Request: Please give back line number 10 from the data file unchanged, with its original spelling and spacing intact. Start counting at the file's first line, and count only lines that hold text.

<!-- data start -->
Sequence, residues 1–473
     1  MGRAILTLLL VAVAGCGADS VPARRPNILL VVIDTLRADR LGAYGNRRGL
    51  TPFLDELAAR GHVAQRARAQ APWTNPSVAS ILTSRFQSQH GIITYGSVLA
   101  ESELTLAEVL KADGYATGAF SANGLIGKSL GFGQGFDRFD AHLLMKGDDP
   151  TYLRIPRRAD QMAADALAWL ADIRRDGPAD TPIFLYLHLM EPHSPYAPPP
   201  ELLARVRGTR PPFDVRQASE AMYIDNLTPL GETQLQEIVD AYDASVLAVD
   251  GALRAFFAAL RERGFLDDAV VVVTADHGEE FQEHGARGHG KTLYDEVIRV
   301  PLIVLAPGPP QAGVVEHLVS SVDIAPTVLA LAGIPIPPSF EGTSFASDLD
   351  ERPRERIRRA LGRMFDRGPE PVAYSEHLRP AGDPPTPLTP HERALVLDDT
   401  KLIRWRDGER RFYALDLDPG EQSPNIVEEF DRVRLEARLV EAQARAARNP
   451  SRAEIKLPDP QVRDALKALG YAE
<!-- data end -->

   401  KLIRWRDGER RFYALDLDPG EQSPNIVEEF DRVRLEARLV EAQARAARNP